As you travel along the Goolma Road you'll see parts of the Sandy Hollow-Maryvale rail line that were never used. However, until around 40 years ago that's what the entire route would've looked like. Here is the history of the stopped-started-stopped, unfinished then half-finished project.
The concept for the Sandy Hollow-Maryvale line dates back over a century to 1911 as a decentralisation project to tie in with a proposed port at Port Stephens. The port - which didn't eventuate - and link was to service primary regions in western NSW such as Bourke, Cobar, Coonamble up to Dubbo.
A number of attempts were made to get the shelved project started, but it wasn't until a quarter of a century later that funds were allocated and the line was started as an unemployment relief scheme during the Great Depression. During WWII work was restricted before ceasing completely in 1951.
During the following decades a number of appraisals looked into completing the line, but rejected the project. In 1970 a cost-benefit analysis found that the project was not economically warranted, with anticipated traffic for freight and passengers expected to be too low to justify it.
However, in 1976 the government was encouraged to look at it again.
In the mid-1970s, the confirmation of large coal reserves in Ulan - along with increasing global demand and the possibility of Australia becoming a major exporter - put the Sandy Hollow-Maryvale line back on the table. As rail access to the port of Newcastle made the most sense.
Furthermore, the route was almost done. It was estimated that around 95 per cent of the earthworks were completed; four of the five tunnels were finished; and 16 major bridges were in place.
However, it's at this point that it can be thought of as two lines. And indeed, the Bureau of Transport Economics' (BTE) 1979 evaluation considered the project in two stages for the purposes of their report.
Stage 1 was the 128km route from Sandy Hollow west to Gulgong. Whereas Stage 2 was the remaining 72km from Gulgong to join the Great Western line near Maryvale.
And although the case was put forward to complete the entire line, right from the division of the project into two parts, Stage 1 had precedence - not just in name. The BTE pointed out that only Sandy Hollow to Ulan was required for access to the coal loaders in Newcastle, with the additional 23km to Gulgong included in the stage to transport coal to domestic markets which was being hauled by road at the time.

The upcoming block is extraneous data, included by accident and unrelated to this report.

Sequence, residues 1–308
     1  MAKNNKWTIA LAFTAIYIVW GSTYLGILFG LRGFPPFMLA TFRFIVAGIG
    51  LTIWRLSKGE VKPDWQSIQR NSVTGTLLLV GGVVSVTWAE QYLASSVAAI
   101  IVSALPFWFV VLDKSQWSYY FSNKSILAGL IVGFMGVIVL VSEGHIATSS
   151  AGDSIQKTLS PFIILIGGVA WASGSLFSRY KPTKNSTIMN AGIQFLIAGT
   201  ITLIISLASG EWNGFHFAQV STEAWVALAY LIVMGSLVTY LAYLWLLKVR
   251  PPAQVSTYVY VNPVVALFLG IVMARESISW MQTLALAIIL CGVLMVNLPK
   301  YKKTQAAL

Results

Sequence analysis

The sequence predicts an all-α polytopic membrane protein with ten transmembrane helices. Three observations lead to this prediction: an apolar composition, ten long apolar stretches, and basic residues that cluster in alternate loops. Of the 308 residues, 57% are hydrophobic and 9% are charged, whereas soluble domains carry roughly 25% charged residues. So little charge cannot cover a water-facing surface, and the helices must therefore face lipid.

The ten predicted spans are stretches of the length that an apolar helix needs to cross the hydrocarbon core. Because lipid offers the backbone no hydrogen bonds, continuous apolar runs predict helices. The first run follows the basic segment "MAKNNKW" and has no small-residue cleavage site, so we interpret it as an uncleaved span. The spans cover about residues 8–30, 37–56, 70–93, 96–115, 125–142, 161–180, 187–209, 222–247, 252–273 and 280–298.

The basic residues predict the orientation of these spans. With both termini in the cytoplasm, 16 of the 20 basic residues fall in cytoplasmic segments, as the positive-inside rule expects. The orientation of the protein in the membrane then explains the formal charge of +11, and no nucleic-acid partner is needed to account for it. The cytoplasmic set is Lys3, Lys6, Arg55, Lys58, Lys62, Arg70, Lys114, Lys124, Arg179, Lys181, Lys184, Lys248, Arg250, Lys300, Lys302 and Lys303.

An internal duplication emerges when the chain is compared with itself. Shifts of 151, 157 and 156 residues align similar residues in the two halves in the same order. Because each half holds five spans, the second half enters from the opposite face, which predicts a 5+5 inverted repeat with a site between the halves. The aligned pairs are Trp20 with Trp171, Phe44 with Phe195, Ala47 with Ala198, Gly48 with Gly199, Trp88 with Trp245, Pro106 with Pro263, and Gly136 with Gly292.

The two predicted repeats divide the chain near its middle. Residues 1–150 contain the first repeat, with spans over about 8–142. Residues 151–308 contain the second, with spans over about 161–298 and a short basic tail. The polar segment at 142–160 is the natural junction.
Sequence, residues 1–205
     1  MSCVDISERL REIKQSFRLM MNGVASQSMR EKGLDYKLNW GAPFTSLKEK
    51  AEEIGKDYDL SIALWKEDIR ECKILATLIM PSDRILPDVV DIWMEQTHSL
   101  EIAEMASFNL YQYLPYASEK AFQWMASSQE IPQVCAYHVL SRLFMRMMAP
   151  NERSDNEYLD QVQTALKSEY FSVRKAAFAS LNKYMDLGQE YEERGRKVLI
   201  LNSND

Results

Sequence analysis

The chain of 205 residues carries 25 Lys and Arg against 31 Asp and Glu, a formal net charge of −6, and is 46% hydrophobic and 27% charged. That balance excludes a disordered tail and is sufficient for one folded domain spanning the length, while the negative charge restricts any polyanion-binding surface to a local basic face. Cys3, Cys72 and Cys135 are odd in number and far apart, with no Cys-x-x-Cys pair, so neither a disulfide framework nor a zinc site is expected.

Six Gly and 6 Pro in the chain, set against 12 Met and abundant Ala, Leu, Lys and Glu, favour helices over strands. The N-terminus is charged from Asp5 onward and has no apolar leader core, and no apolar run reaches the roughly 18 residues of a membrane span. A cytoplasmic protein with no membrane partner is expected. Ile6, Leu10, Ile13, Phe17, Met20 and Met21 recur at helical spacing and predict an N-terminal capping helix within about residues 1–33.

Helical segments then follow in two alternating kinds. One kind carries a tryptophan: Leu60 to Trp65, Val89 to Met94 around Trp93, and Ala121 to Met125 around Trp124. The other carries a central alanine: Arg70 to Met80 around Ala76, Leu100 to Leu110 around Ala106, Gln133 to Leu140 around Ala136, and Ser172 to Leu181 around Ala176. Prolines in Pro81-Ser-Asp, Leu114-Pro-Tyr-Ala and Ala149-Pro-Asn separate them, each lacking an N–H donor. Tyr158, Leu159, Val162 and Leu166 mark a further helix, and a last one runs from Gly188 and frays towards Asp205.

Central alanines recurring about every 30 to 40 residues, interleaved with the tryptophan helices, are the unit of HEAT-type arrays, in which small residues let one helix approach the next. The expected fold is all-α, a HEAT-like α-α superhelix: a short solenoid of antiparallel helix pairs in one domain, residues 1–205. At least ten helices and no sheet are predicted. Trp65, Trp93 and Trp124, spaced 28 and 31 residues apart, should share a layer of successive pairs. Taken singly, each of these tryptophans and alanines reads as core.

In the early 1980s Ulan Coal mine expanded with the establishment of the open cut mine and subsequent underground mine, along with the preparation plant and rail loading facility. So 'Stage 1' of the Sandy Hollow-Maryvale line finally had rail added and saw trains - around half a century after work on the route began.
Despite the recommendation by the BTE that the Gulgong-Maryvale section also be completed - for freight and agricultural purposes - work on 'Stage 2' didn't commence. Pieces of the infrastructure and the earthworks can be seen from the Goolma Road, snaking through paddocks and into the countryside.
What could've been? Well, the entire route was envisioned as a link from the west/north-west of NSW to the Hunter - and Newcastle would become the closest port for grains, metalliferous concentrations and other freight.
Prior to either stage being completed, Dubbo to Newcastle via Sydney was a distance of about 630km, a finished Sandy Hollow-Maryvale line would cut that down to just over 400km. Congestion in Sydney was only a concern at the time, especially with urban transport thrown into the mix.
Trains such as those hauling ore from Cobar (or grain from Nyngan, seen in Myles Harris-Ayling's video series, one seen below), do travel over the Sandy Hollow line, linking from other lines such as Gwabegar going through Dunedoo and Gulgong. They too would benefit - not to mention, getting to Maryvale does get closer to Parkes and therefore the Inland Rail project currently being built.
Surprisingly, the final stop in the story of the Sandy Hollow-Maryvale line may not have been reached yet. In 2018, the NSW Government announced the Fixing Country Rail projects that would be funded, which included $1-million for a feasibility study into the 'Maryvale to Gulgong Corridor Opening'.
Alongside the 'Kandos to Gulgong Line Reinstatement Feasibility Study'.
Time will tell whether this will be another appraisal that won't get the line to Maryvale or - perhaps - a step towards finally finishing the job.
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